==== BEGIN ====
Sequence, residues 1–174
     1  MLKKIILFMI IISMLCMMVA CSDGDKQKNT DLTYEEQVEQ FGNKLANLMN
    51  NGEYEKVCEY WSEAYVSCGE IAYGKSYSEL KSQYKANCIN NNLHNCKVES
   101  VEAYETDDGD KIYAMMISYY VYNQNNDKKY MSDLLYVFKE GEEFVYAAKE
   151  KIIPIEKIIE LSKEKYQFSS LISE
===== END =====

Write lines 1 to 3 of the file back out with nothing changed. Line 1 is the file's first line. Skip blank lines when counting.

Sequence, residues 1–174
     1  MLKKIILFMI IISMLCMMVA CSDGDKQKNT DLTYEEQVEQ FGNKLANLMN
    51  NGEYEKVCEY WSEAYVSCGE IAYGKSYSEL KSQYKANCIN NNLHNCKVES